? 10-minute read
This story was first published in the August 2017 issue of SA COUNTRY LIFE.
A hundred and two years old this spring, the Darling Wildflower Show celebrates with its roots firmly in the conservation values laid down in the past. And a new generation of leaders taking it into the future.
It’s total sensory overload when you walk into the Darling Wildflower Show. Gorgeous blooms to the left, more to the right and a riot of colour straight ahead.
Even overhead, once you manage to lift your eyes heavenwards, there are a number of arrangements of delicate blue flax dangling from the beams of the big hall. It’s raining outside, but not on this parade of floral extravagance. We hardly know where to look next, but finally end up at the tables of labelled specimens against the opposite wall, and realise that this banquet of flowers includes some very special blooms – the Darling froetang or Romulea eximia presents its endearing pink petals, while the wine cup (Geissorhiza radians) looks positively royal in purple and red livery.
Take a look at our West Coast flower report for the latest flower spotting updates.
The show started out as a blompot (vase) flower-arranging competition in the old town hall 102 years ago, after the local dominee’s wife, Suzanne Malan, teamed up with farmer Frederick Duckitt of Waylands farm to form the Darling Wildflower Society. The display of the district’s God-given abundance of flowers has become a community-driven conservation initiative and tourism success story that’s served as a role model for other towns.
What Makes Darling So Special?
Darling is a botanical hotspot where renosterveld, rietveld, sandveld and strandveld intersect, providing a wealth of floral biodiversity within the Cape West Coast Biosphere Reserve. It’s an integral part of the unique Cape Floral Kingdom and boasts more than 1 200 species of flowering plants, including about 80 endemics.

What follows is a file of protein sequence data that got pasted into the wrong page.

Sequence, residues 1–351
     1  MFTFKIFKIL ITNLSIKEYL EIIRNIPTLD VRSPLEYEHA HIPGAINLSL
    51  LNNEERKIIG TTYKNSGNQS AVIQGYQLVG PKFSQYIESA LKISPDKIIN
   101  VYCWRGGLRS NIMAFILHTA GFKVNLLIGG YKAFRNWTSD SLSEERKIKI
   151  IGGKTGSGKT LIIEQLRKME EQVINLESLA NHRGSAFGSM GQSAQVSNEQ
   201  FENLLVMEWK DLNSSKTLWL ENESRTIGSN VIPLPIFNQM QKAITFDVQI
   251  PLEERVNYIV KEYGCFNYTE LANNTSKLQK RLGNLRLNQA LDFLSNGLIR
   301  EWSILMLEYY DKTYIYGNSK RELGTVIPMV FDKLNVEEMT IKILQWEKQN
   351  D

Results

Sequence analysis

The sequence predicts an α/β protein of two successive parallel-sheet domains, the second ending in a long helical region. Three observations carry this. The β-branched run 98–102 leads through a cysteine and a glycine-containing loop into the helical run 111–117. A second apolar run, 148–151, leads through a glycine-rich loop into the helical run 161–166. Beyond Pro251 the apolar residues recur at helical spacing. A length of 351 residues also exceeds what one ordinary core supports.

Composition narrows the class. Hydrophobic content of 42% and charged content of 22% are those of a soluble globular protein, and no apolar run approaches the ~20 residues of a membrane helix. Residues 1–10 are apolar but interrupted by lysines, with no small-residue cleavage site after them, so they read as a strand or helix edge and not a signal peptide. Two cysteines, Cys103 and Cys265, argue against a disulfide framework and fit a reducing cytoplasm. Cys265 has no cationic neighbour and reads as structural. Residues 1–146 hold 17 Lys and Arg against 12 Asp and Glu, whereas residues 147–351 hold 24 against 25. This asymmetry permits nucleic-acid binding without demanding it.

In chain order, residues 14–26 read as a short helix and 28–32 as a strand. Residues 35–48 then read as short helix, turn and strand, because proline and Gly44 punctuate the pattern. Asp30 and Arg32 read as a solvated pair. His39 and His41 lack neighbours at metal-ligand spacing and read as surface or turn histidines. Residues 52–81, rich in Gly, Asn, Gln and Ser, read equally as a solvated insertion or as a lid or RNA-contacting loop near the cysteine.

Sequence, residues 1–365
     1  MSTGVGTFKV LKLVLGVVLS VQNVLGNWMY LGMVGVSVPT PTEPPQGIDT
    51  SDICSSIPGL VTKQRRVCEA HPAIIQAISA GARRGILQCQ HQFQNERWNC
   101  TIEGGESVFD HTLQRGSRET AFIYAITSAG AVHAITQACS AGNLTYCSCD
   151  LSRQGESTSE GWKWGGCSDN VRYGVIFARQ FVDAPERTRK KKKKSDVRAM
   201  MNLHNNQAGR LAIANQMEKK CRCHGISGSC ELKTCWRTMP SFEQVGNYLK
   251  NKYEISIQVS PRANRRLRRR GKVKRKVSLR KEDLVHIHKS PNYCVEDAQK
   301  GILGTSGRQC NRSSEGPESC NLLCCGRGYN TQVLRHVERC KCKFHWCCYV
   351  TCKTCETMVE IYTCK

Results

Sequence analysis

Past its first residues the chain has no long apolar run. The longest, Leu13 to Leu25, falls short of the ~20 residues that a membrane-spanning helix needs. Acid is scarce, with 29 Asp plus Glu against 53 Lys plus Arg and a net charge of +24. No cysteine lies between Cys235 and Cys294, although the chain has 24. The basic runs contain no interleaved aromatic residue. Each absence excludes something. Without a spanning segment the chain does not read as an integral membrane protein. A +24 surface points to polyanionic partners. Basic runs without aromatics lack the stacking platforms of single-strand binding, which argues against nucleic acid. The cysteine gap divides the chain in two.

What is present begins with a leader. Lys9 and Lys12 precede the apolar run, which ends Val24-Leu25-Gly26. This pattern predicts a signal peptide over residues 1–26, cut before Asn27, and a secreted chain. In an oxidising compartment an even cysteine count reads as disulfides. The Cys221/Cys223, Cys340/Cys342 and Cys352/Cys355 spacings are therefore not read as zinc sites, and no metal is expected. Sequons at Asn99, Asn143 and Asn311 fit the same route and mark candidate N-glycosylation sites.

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The show has been held virtually every year since 1917, with a couple of exceptions during war years, and the time when a fierce Berg wind withered the blooms on picking day. Generations of families have been involved and, in the foundation phase of the first half-century, the chairmanship passed from Duckitt father to son.
“My dad was chairman for 17 years, but I put a stop to that and we made it a rotating position that changes every three years,” says John Duckitt of Waylands farm, where an 80-hectare conserved section is opened to flower tourists every spring.
Farmers and Flowers
John’s grandfather Wilfred was big mates with Marthinus ‘Tinie’ Versveld, who donated a portion of his farms for the conservation of threatened renosterveld flowers. The Tinie Versveld Wildflower Reserve has never been ploughed. “They didn’t call it conservation in those days, but they put their heart and soul into it. Farmers were natural conservationists
and worked with the natural cycles.”